The research team, which includes collaborators from the University of Maryland, has found a simple method of sandwiching organic molecules between silicon and metal, two materials fundamental to electronic components. By doing so, the team may have overcome one of the principal obstacles in creating switches made from individual molecules, which represent perhaps the ultimate in miniaturization for the electronics industry.
The idea of using molecules as switches has been around for years, carrying the promise of components that can be produced cheaply in huge numbers, perform faster as a group than their larger silicon brethren, and use only a tiny fraction of their energy. But although there has been progress in creating the switching molecules themselves, the overall concept has been stuck on drawing boards in large part because organic molecules are delicate and tend to be damaged irreparably when subjected to one particularly stressful step in the chip-building process: attaching them to electrical contacts.
Metal forms many of these contacts in chip circuits, but getting metal onto a chip involves heating it until it evaporates, then allowing it to condense on the silicon. “Imagine what hot steam would do to your arm,” says Mariona Coll Bau, a materials scientist at NIST. “Evaporated metal is much hotter, and organic switching molecules are very fragile—they can’t stand the heat.”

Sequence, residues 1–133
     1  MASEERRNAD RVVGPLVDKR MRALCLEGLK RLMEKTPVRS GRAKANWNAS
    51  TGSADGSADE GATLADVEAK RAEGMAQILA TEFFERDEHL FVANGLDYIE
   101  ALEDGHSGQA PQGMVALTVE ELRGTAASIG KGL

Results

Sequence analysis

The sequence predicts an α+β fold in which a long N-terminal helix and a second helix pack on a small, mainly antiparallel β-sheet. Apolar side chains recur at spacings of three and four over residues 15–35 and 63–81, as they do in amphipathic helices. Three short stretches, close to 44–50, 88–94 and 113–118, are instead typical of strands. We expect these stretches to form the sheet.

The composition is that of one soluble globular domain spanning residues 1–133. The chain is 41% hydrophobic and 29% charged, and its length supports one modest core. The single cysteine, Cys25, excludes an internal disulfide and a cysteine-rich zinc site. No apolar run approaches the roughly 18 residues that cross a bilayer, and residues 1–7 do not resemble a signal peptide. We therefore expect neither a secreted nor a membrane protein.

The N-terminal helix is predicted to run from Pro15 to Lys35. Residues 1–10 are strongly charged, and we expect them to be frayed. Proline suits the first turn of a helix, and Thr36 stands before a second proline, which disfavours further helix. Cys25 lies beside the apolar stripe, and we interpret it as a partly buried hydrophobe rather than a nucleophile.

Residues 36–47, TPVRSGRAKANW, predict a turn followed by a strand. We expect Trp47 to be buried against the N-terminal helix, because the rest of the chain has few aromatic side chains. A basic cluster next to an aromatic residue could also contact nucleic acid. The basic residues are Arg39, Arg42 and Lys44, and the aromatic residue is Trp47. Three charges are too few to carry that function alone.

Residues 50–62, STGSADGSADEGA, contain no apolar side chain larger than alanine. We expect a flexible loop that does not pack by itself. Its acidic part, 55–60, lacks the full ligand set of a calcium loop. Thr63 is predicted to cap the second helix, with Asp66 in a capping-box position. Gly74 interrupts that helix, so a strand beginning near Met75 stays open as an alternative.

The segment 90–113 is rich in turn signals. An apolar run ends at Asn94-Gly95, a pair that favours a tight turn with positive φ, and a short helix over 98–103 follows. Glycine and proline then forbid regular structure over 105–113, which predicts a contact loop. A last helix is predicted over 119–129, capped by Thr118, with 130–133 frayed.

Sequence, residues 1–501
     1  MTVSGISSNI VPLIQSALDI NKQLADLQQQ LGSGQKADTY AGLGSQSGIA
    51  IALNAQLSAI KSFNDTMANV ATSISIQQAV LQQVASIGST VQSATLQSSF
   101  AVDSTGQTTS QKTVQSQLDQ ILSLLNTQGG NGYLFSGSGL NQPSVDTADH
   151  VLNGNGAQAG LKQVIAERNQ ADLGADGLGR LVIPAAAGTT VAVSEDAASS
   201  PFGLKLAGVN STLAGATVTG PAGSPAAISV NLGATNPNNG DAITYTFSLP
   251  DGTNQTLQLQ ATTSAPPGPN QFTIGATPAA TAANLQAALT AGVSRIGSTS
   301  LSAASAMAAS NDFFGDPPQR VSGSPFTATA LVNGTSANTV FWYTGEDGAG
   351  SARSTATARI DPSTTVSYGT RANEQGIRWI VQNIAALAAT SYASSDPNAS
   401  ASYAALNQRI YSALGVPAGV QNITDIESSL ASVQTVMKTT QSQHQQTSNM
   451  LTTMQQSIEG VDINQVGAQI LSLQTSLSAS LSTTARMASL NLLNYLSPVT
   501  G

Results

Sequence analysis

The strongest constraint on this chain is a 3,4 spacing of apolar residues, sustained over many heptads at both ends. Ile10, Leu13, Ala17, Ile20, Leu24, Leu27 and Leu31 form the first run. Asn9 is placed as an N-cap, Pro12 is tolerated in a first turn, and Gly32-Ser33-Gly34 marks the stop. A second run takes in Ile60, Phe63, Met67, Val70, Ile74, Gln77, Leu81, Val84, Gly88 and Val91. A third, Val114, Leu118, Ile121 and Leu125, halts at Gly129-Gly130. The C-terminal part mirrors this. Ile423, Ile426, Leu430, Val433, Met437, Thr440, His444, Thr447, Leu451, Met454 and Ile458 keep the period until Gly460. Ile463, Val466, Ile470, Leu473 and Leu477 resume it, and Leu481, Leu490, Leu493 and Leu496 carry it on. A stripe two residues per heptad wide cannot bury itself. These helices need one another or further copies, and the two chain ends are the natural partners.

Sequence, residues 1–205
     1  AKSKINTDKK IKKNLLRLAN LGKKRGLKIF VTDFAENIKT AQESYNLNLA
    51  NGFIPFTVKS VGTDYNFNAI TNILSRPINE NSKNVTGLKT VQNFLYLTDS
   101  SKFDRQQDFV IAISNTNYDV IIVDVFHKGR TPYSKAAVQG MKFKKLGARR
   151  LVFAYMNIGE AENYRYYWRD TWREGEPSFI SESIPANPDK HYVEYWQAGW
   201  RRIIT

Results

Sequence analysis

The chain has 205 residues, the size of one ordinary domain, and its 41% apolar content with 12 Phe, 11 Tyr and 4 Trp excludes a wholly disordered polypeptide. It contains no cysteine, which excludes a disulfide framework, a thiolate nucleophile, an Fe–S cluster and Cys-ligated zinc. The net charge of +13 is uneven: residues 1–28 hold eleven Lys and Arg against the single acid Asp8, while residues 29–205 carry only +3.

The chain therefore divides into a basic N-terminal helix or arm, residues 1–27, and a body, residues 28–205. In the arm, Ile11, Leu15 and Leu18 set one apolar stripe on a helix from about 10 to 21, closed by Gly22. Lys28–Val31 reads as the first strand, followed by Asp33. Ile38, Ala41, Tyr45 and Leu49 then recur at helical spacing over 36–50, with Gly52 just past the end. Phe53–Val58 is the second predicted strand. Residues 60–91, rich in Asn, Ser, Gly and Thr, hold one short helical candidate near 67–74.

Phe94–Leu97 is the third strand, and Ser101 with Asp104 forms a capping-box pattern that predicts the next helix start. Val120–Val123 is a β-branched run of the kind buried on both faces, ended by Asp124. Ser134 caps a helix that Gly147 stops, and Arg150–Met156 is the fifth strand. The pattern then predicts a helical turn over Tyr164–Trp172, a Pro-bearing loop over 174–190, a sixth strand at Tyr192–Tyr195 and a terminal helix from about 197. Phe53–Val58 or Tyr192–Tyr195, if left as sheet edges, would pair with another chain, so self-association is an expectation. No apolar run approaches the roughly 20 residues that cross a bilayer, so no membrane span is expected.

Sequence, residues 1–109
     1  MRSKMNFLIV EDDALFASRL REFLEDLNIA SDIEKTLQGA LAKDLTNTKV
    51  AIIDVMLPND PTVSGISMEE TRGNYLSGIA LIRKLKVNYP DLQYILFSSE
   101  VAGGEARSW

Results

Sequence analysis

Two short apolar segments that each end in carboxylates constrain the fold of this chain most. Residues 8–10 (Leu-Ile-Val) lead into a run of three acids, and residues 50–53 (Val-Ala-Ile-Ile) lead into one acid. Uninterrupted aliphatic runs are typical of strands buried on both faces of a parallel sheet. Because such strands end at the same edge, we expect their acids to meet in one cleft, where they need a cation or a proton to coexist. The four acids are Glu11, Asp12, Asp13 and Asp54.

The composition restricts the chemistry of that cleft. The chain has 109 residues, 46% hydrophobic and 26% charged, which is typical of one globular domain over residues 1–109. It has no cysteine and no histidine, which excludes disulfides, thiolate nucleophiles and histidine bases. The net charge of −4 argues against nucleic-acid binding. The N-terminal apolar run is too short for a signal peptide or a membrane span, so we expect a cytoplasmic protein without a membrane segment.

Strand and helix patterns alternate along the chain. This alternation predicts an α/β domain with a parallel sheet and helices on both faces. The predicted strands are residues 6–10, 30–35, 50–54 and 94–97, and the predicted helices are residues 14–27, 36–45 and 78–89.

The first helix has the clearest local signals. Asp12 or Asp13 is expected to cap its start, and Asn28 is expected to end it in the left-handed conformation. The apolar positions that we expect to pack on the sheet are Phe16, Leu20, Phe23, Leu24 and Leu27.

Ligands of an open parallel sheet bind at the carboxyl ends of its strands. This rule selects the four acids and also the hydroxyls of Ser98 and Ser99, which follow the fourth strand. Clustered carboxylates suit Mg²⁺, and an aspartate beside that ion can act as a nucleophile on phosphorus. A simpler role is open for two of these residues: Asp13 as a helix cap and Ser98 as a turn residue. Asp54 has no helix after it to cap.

Coll Bau’s team, however, found a way to cool the kitchen. They cover a surface with a non-stick material before condensing gold on top of it, allowing the metal to cool to an ultra-smooth surface. They then laminate the gold surface with the plastic used in overhead transparencies. The non-stick layer allows them to remove the laminated gold from the surface as easily as peeling off plastic wrap. Adding the organic molecules then is comparatively simple: attach the molecules to the gold and then flip the whole assembly onto a silicon base, with the organic molecules sandwiched neatly inside—and intact.
Though scientists have attempted to make sandwiches of this sort before, Coll Bau says their first-ever use of an imprinting machine finally made it possible to assemble the ingredients effectively. “The machine allows us to press the three layers together so the organic molecules contact both the silicon and gold, but without smashing or otherwise degrading them,” she says.
Coll Bau adds that “flip-chip lamination,” as the team calls it, could lead to applications beyond chip design, including biosensors, which depend on the organic and electronic worlds interacting. “The technique may prove useful as a fabrication paradigm,” she says. “It’s hard to make small things, and this might be an easier way to make them.”
* M. Coll, L.H. Miller, L.J. Richter, D.R. Hines, O.D. Jurchescu, N. Gergel-Hackett, C. Richter and C.A. Hacker. Formation of silicon-based molecular electronic structures using flip-chip lamination. Journal of the American Chemical Society, Aug. 11, 2009 (online publication), DOI 10.1021/ja901646j.
Chad Boutin | Newswise Science News